Re-enchanting Volcanoes: The Rise, Fall and Rise Again or Art and Aesthetics in the Making of Volcanic Knowledges

Deborah P. Dixon, Daniel Beech

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Current day volcanology largely tends to an instrumentalist view of art as, in its mimetic form, capable of providing proxy data on the timing and unfolding of particular volcanic events and, in its impressionistic form, of conveying the sublime grandeur of volcanic events and scenes. In this chapter, we note that such a reductionist view of what science is unhelpfully glosses over a much more complex disciplinary lineage, wherein both art and aesthetics played a key role in knowledge production concerning volcanoes. Using the work of Sir William Hamilton and Mary Somerville as case studies, we emphasise that art and aesthetics were part and parcel of both an 18th and 19th century approach to the study of volcanoes, and the making of particular scientific audiences. What is more, it is this lineage that provides a creative reservoir for more recent efforts that cut across scientific and arts divides, such that the ‘communication’ of the nature of volcanoes becomes a multi-media, multi-affective endeavour that speaks to a diverse range of publics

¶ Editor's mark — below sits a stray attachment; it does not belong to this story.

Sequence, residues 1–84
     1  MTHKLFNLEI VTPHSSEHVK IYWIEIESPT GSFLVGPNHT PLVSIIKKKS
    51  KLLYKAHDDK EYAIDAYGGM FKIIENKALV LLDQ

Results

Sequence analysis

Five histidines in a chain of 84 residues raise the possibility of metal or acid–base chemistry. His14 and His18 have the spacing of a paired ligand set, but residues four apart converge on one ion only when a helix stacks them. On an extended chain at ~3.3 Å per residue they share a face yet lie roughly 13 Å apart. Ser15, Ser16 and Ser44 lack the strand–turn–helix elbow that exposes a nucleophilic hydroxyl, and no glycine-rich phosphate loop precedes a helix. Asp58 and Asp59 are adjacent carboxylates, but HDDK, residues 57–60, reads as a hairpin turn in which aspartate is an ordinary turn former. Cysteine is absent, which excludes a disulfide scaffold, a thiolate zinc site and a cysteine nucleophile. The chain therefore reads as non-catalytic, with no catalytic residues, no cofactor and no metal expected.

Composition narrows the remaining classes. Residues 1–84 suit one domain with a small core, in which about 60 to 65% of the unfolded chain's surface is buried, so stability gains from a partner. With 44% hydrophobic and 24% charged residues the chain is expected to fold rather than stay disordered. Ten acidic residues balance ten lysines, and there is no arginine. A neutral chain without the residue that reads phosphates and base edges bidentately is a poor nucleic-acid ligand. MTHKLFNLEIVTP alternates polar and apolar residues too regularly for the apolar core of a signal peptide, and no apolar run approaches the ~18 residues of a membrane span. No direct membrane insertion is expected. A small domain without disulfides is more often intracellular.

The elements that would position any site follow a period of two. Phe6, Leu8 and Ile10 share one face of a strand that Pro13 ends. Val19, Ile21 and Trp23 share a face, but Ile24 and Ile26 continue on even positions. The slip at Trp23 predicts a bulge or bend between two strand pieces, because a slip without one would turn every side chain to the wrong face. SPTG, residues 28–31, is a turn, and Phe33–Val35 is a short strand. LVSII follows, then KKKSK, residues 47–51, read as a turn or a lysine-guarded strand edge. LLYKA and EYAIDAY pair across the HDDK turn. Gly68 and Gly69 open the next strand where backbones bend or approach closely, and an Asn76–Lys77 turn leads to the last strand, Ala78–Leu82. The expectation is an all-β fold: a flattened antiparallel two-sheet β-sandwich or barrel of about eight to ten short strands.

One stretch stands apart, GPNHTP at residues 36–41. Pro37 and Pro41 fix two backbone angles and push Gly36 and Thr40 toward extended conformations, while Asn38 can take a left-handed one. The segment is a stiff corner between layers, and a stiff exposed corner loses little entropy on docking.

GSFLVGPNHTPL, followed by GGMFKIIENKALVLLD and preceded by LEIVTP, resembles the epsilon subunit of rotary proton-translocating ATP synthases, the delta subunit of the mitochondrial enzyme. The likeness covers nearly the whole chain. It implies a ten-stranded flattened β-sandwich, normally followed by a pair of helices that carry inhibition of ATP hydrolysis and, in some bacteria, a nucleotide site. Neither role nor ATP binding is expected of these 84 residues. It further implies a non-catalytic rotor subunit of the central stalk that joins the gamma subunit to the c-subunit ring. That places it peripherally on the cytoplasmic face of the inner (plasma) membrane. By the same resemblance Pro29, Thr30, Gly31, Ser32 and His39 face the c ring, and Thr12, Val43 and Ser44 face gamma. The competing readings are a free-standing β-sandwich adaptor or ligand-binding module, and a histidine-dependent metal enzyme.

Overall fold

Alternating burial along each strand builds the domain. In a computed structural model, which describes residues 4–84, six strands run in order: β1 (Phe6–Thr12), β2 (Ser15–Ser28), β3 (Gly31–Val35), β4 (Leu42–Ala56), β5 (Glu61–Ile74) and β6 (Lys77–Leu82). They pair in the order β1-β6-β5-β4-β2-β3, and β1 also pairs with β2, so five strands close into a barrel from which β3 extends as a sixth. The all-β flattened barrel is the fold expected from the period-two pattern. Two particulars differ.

Original languageEnglish
Title of host publicationObserving the Volcano World
Subtitle of host publicationVolcano Crisis Communication
EditorsCarina J. Fearnley, Deanne K. Bird, Katherine Haynes
PublisherSpringer Nature
Number of pages11
ISBN (Electronic)9783319440972
ISBN (Print)9783319440958
Publication statusPublished - 15 Mar 2017

Publication series

NameAdvances in Volcanology


  • art
  • aesthetics
  • Hamilton
  • Somerville
  • art-science collaborations


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